Soil pests are pathogens. Pathogens are living organisms that cause plant disease. Average soil has billions of living organisms in each teaspoonful, including fungi, bacteria, algae, protozoa, nematodes, micro-arthropods, earthworms and insects. This microbiological activity is called the soil food web. Pests develop when the soil food web is unbalanced and lacks biodiversity.
Pathogens become a problem in soil lacking adequate balance between organism populations. Pests increase when they find a good food source in the soil but have no natural predators to keep them in check. Healthy soil supports the predators of harmful pests. Soil nutrition is the preventative medicine for pest problems.
“Soil-borne pathogens are very difficult to observe with the naked eye,” according to the Washington State University Extension website information about soil pests. Types of harmful pathogenic organisms include species of bacteria, fungi and nematodes. They can be identified with the aid of microscope magnification of 10X or higher. The best indicator of the presence of soil pests is plant disease or lack of soil productivity.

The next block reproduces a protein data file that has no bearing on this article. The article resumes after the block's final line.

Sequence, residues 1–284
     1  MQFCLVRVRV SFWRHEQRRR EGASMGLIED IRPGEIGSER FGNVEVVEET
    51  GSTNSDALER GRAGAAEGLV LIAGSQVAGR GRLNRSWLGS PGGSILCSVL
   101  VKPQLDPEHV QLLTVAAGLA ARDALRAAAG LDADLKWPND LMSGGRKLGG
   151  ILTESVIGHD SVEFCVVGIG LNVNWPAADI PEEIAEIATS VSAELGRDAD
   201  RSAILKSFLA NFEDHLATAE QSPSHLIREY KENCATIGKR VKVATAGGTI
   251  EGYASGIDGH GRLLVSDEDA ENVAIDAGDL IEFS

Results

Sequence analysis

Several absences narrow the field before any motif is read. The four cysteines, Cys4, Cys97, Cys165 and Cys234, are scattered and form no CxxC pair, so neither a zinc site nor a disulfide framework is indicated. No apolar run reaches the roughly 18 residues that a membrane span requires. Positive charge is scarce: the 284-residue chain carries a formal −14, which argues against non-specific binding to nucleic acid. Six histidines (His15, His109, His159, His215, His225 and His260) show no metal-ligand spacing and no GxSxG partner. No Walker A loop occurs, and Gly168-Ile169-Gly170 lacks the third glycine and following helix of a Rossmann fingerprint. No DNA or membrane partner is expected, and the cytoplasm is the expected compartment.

Fusarium and verticillium are pest fungi organisms that cause wilt. Excessive tilling and use of synthetic chemical fertilizers destroy both beneficial and harmful fungi in soil, creating conditions for disease. A balanced fungi population helps absorb nutrients from the soil and transport them to plants, creating plant nutrition. Fungi also move through the soil, creating better soil structure to hold plant life.
Nematodes are a very small type of worm. Root-knot nematodes are the most damaging nematode species in the home garden, according to the University of Missouri Extension website. Indications of an infestation include knot-shaped tissue abnormalities and wilt. Most nematodes eat fungi and bacteria. A diverse population of types of nematode species is an indication of healthy soil.
Solarization is a method that helps destroy unwanted soil pests and bring the soil food web into balance. A thin, transparent plastic sheet is spread on garden soil. In eight to 10 weeks the rising soil temperature increases the population of heat-loving organisms that attack harmful soil pests. Mature compost added to soil also supports the growth of the beneficial microorganisms that ingest harmful organisms.